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A Hard Ticket Home (Mac McKenzie Mysteries) Hardcover – May 4, 2004


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Product Details

  • Series: Mac McKenzie Mysteries (Book 1)
  • Hardcover: 288 pages
  • Publisher: Minotaur Books (May 4, 2004)
  • Language: English
  • ISBN-10: 031232149X
  • ISBN-13: 978-0312321499
  • Product Dimensions: 8.1 x 6.6 x 0.9 inches
  • Shipping Weight: 15.2 ounces
  • Average Customer Review: 4.4 out of 5 stars  See all reviews (19 customer reviews)
  • Amazon Best Sellers Rank: #1,484,674 in Books (See Top 100 in Books)

Editorial Reviews

From Publishers Weekly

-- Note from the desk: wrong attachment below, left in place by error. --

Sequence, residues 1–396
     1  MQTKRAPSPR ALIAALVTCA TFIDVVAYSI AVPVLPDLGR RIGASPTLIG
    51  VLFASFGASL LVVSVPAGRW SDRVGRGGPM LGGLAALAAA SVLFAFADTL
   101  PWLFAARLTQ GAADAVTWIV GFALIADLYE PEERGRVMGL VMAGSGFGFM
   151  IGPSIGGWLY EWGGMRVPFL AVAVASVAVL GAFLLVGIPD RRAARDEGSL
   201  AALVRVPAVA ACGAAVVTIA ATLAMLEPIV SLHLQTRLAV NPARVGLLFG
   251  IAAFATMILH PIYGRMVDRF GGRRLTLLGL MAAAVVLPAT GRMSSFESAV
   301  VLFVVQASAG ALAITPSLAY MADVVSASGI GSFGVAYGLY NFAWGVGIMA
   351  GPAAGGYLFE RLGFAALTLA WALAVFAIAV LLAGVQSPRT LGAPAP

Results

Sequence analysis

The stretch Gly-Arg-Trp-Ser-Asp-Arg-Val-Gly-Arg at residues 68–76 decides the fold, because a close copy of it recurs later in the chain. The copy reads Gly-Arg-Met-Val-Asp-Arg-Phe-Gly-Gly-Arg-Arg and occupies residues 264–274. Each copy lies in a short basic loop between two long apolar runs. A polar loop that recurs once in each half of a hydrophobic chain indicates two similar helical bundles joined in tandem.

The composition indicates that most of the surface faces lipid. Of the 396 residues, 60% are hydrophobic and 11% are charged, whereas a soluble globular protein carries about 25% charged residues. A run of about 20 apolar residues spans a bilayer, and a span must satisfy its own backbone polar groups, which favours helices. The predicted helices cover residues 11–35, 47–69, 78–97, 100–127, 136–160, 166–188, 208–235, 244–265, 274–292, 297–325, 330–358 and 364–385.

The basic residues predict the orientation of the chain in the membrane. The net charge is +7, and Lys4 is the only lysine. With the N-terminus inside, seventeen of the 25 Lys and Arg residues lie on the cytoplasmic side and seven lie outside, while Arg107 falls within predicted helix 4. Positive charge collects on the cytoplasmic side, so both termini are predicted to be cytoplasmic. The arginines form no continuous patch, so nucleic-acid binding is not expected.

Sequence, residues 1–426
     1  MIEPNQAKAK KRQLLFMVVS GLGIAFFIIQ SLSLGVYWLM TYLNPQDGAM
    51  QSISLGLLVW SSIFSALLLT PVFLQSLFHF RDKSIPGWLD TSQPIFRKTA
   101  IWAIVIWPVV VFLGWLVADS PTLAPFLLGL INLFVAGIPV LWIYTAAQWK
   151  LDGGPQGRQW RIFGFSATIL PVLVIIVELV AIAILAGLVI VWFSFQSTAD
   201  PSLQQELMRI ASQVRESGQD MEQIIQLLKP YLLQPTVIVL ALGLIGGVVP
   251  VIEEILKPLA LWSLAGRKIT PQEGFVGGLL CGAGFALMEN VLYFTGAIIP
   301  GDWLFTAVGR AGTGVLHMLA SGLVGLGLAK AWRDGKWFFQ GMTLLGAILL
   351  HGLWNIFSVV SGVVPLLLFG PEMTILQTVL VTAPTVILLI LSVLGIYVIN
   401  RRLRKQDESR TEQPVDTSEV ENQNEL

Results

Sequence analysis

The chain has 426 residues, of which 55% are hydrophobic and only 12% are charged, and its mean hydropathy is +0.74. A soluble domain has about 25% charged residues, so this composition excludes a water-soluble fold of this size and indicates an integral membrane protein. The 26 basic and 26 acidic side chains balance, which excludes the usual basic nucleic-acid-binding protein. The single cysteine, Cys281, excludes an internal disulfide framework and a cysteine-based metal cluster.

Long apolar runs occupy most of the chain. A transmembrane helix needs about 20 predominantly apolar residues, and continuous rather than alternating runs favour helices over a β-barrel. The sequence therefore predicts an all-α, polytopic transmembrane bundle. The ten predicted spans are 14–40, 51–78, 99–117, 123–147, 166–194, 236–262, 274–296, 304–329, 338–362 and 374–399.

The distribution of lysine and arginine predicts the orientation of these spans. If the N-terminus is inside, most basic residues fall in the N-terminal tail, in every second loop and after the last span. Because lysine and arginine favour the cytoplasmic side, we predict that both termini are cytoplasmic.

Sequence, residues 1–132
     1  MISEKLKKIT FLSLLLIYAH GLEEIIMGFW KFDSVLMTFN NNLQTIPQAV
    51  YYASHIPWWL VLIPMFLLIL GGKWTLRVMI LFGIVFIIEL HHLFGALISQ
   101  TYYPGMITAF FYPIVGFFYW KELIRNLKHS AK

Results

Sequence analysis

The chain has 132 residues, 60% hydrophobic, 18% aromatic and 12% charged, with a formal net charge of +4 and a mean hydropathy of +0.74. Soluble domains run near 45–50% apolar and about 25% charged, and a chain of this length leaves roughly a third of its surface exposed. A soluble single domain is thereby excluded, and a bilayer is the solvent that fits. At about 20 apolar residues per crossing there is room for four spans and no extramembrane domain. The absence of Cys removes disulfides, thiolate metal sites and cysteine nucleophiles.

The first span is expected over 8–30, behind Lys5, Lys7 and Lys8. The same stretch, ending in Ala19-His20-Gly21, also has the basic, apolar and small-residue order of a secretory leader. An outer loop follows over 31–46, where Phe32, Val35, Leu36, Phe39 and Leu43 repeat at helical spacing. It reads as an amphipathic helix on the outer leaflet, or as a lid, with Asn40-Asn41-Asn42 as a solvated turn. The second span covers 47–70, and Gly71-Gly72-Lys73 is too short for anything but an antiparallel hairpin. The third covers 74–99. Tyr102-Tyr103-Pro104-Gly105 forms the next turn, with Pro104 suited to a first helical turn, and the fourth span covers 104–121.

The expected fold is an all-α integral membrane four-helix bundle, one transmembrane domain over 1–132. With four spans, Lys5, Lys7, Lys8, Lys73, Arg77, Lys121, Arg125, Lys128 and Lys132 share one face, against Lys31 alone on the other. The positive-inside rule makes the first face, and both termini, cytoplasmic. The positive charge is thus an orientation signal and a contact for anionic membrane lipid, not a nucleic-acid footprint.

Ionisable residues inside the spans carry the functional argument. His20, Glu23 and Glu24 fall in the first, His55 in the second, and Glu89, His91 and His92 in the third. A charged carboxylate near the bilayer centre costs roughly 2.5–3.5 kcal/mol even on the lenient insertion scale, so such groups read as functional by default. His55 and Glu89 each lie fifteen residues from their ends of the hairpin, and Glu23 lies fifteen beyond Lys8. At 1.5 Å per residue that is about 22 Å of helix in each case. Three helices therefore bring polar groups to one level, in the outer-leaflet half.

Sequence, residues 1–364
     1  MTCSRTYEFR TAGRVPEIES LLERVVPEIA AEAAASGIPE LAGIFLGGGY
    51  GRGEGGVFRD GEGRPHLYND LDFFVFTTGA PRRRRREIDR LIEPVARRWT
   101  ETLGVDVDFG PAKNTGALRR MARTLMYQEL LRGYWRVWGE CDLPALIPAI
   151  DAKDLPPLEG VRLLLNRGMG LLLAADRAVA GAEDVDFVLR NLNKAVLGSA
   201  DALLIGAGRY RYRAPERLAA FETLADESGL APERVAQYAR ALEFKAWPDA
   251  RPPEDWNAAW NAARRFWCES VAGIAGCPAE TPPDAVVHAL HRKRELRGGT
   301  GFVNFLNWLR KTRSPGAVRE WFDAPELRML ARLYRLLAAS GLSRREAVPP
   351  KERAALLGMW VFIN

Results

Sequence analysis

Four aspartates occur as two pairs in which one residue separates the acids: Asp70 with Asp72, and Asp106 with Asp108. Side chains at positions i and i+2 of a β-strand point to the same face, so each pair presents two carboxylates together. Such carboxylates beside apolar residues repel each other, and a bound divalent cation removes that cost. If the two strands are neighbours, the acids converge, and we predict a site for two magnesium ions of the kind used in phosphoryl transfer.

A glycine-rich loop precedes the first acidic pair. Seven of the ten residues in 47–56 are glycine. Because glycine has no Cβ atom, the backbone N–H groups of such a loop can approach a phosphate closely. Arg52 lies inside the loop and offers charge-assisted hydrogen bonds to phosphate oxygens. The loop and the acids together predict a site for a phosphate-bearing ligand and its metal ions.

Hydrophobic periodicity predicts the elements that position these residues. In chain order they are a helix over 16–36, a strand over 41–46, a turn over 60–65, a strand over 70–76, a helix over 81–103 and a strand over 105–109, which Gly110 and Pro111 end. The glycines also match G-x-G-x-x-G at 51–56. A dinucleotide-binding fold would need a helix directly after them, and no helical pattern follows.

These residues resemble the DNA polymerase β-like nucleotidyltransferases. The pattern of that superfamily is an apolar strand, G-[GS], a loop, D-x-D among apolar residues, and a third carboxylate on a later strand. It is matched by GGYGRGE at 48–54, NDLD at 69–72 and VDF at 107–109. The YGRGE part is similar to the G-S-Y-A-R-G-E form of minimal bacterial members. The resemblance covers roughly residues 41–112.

Housewright's first mystery series (for which he won an Edgar) about Holland Taylor, a former St. Paul cop who became a smart-talking private eye, trickled out after three books. His new series is about Rushmore McKenzie, a former St. Paul cop who becomes a smart-talking (albeit unlicensed) private eye. What makes them different? Not all that much. The earlier series was perhaps a bit harder-edged: Taylor left the force after he was accused of murdering the drunk driver who killed his wife and child, while McKenzie's motives for going private involve a sudden cash windfall when he captures a wanted swindler. And many chuckles are generated by McKenzie's first name (he was conceived on a trip to Mt. Rushmore), which is why he prefers to be called Mac. But basically McKenzie is the same kind of genial doofus his predecessor was, a true son of Spenser who tells us in great detail about every Pig's Eye beer he drinks and every opera record he plays. The author has a sharp, bouncy prose style, and his story—about Mac's search for a friend's long-missing daughter who can possibly be a bone marrow donor for her younger sister—has some touching and exciting moments. But Housewright has been shopping for interesting character traits at the same store for too long, and there's nothing here to show that a series about McKenzie will be any different—or any more successful—than the one about Taylor.